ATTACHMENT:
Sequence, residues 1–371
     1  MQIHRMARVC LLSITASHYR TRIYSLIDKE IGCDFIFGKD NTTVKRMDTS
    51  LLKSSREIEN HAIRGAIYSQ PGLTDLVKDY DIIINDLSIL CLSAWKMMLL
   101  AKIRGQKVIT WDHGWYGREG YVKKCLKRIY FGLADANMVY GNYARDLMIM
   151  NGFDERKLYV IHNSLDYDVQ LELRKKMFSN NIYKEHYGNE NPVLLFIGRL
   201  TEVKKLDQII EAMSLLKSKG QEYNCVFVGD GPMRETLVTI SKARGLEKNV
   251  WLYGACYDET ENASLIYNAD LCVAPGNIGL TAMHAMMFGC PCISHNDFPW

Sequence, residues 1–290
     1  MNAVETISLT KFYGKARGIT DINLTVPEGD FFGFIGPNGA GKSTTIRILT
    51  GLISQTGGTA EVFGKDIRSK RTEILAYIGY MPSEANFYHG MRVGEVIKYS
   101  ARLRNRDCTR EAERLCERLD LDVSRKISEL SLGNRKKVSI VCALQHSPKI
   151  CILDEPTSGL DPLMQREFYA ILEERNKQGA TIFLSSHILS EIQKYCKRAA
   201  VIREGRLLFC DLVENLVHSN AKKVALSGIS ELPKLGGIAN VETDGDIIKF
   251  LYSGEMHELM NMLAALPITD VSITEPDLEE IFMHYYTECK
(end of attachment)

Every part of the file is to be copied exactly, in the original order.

Sequence, residues 1–371
     1  MQIHRMARVC LLSITASHYR TRIYSLIDKE IGCDFIFGKD NTTVKRMDTS
    51  LLKSSREIEN HAIRGAIYSQ PGLTDLVKDY DIIINDLSIL CLSAWKMMLL
   101  AKIRGQKVIT WDHGWYGREG YVKKCLKRIY FGLADANMVY GNYARDLMIM
   151  NGFDERKLYV IHNSLDYDVQ LELRKKMFSN NIYKEHYGNE NPVLLFIGRL
   201  TEVKKLDQII EAMSLLKSKG QEYNCVFVGD GPMRETLVTI SKARGLEKNV
   251  WLYGACYDET ENASLIYNAD LCVAPGNIGL TAMHAMMFGC PCISHNDFPW

Sequence, residues 1–290
     1  MNAVETISLT KFYGKARGIT DINLTVPEGD FFGFIGPNGA GKSTTIRILT
    51  GLISQTGGTA EVFGKDIRSK RTEILAYIGY MPSEANFYHG MRVGEVIKYS
   101  ARLRNRDCTR EAERLCERLD LDVSRKISEL SLGNRKKVSI VCALQHSPKI
   151  CILDEPTSGL DPLMQREFYA ILEERNKQGA TIFLSSHILS EIQKYCKRAA
   201  VIREGRLLFC DLVENLVHSN AKKVALSGIS ELPKLGGIAN VETDGDIIKF
   251  LYSGEMHELM NMLAALPITD VSITEPDLEE IFMHYYTECK